Why do we wear costumes on Purim?

A child dresses up for Purim Celebrations at Emunah Day Care in Beer Sheva, Israel.

What is the origin of wearing costumes and masquerading on Purim?

One theory relates to the fact that the Jews in the Purim story live in the Diaspora. Haman says to the king: “There is a certain people scattered abroad and dispersed among the peoples in all the provinces of thy kingdom and their laws are diverse from those of every people, neither they keep the king’s laws.” And given that many Jews in the Diaspora have been forced to disguise themselves, or mask their identities, we now commemorate this fact by doing so on Purim.

It has also been written that in Jerusalem in the 7th to 8th centuries, poor people dressed up as Mordechai and Haman and went from house to house frightening children and asking for money.

Probably the best explanation as to why we wear costumes is because Esther masqueraded as a non-Jew and dressed up as a queen. Esther also hid her assertiveness and her strength until she had no other choice. Since Esther hid her Jewish identity, one theory says that we wear costumes to imitate the costume parties of the court that are mentioned in the story.

Another theory states that traditional Jews believe that God is hidden behind all the events of the megillah. Although there is no mention of God in the Book of Esther, we believe He had a hand in saving the people. In a sense, He was masked or disguised, and rabbis referred to God’s role as hester panim, or “hiding of the face,” which is also said to be a play on the words Megillat Hester, rather than the Hebrew name for the Book of Esther, Megillat Esther.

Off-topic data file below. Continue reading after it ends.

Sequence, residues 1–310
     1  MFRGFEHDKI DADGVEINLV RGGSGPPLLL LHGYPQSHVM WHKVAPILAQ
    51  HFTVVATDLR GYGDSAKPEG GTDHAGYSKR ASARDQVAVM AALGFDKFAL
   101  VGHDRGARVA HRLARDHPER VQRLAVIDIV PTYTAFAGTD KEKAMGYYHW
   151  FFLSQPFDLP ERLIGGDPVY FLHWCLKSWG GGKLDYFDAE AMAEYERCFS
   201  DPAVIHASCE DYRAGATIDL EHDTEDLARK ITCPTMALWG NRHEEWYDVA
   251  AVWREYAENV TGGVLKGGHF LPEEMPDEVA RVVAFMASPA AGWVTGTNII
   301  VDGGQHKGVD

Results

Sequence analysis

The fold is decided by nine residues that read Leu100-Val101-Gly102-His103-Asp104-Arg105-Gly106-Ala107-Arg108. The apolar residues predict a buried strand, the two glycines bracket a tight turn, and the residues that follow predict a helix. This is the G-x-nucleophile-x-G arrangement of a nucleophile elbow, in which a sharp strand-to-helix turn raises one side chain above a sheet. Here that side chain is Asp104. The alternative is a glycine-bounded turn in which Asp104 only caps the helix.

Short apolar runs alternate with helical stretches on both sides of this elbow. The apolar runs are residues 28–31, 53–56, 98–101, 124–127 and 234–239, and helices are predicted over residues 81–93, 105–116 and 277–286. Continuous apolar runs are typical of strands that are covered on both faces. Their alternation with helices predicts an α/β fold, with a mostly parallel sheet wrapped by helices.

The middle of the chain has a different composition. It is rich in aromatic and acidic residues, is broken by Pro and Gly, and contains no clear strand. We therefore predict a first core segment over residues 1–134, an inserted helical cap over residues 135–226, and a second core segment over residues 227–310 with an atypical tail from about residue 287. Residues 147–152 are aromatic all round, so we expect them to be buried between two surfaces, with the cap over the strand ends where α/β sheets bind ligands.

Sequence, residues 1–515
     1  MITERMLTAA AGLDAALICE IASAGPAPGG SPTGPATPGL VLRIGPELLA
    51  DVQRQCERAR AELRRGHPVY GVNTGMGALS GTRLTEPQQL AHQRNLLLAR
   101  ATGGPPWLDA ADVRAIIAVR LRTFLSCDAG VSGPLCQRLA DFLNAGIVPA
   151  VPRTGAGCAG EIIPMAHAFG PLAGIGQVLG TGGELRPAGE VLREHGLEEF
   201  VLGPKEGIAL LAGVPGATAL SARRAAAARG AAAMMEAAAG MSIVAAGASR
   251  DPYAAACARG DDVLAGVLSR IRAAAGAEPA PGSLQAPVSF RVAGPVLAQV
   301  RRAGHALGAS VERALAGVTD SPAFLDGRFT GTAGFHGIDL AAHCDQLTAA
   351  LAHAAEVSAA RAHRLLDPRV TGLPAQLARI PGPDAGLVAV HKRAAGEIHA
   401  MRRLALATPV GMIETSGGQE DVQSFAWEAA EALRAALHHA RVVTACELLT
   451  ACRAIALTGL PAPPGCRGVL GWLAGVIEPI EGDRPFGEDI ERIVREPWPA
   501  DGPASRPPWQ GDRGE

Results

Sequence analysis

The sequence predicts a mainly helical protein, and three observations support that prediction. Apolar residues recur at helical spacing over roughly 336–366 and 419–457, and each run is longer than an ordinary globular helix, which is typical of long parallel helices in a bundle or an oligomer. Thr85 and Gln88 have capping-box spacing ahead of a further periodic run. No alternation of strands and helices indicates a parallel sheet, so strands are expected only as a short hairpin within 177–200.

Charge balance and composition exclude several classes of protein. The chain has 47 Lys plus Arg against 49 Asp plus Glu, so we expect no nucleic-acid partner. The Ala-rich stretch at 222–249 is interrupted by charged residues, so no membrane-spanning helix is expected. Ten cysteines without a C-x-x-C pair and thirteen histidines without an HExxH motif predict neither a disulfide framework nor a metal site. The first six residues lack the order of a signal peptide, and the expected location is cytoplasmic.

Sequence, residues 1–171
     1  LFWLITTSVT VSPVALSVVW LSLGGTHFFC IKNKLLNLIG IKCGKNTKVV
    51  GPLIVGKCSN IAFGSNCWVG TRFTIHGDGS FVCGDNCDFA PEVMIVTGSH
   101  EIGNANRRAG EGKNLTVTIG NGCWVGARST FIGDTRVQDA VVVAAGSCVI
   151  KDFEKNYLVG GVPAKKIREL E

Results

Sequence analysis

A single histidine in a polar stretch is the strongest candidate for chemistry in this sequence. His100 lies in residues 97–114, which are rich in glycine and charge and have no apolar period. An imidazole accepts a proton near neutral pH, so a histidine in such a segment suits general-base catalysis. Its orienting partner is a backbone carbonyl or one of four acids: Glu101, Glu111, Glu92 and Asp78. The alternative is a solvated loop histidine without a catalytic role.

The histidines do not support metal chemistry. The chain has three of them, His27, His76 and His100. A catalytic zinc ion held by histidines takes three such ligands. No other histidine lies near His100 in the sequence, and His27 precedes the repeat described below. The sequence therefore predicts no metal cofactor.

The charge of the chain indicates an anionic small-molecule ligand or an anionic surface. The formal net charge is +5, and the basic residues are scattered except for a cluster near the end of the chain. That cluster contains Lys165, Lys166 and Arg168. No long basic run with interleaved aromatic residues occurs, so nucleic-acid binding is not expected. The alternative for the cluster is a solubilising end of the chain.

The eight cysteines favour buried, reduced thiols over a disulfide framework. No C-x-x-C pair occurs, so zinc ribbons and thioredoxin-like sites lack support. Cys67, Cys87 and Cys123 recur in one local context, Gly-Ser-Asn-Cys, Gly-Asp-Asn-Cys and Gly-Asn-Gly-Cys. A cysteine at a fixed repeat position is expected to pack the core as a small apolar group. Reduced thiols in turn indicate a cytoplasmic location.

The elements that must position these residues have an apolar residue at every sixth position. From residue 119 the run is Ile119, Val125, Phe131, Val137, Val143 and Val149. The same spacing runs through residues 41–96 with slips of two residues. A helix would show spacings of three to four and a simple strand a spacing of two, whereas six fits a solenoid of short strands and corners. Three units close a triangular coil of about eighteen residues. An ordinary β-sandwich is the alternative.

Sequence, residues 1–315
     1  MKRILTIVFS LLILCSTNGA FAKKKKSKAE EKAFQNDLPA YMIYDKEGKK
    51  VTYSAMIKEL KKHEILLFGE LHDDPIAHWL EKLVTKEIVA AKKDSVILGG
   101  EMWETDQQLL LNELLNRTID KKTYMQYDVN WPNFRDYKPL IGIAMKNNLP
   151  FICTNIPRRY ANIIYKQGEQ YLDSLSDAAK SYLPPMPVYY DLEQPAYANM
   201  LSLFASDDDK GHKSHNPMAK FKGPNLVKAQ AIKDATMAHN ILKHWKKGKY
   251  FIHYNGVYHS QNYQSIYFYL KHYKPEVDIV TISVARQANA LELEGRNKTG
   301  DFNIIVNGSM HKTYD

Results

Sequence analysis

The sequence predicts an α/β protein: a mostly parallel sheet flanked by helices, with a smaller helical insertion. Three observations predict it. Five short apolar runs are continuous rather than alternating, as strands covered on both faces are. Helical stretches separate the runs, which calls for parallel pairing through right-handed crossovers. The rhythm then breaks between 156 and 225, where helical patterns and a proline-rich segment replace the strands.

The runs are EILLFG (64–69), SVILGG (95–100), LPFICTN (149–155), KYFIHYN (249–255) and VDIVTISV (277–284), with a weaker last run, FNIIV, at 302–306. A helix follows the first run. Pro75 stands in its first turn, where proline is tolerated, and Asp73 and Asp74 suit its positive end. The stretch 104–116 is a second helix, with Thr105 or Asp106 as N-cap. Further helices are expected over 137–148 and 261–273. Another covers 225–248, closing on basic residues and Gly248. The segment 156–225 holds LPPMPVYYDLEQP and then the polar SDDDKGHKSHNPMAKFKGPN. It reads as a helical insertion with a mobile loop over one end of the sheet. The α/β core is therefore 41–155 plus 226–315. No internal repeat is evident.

On the other hand, Jewish philosophers and commentators believe that God’s name is omitted in order to emphasize the point that God remained hidden throughout the story, but was nonetheless present and played a large role in its outcome. Megillat Esther may show that although God may not be conspicuously present at times, he nevertheless plays (and has played) an important role in everyone’s lives and in the future of the Jewish nation. In order to remind us of how God remained hidden throughout the Purim miracle, many Jews dress up on Purim and hide their faces.

Another explanation is that the costumes represent the non-Jews who pretended to be members of the tribe, after the Jews were victorious. As is stated in the megillah, “And many from among the peoples of the land became Jews for the fear of the Jews was fallen upon them.”

We do know for sure that the Book of Esther and the Talmud never discuss Purim costumes.

A child dresses up for Purim Celebrations at Emunah Day Care in Beer Sheva, Israel.

The tradition of wearing costumes and masks may have originated in 15th-century Italy, coming from the tradition of Roman carnivals. From there, the custom spread to Europe and to all countries where Jews lived, except maybe Asia.

Judah ben Eliezer ha-Levi Minz, a 15th-century Venetian codifier, was the first Jewish author to discuss the custom. In his Responsa no. 17, he expresses the opinion that, since the purpose of the masquerade is merrymaking, it should not be considered a transgression of the biblical law regarding cross-dressing, but he does not provide the origin of wearing Purim costumes.

Some have speculated that the custom commemorates when Mordecai was dressed in regal clothing and was escorted by Haman, a clear turning point in the plot of the story.

Another theory contends that the custom originated in medieval Germany and was an imitation of Christian carnivals, which took place around the same season.


Although some authorities issued prohibitions against the custom, the people did not heed them, and the more lenient view prevailed. Jews of the Middle East, however, did not start wearing costumes on Purim until the 19th century.

Whatever its origins, dressing in costumes is today enjoyed by adults, as well as children, on Purim.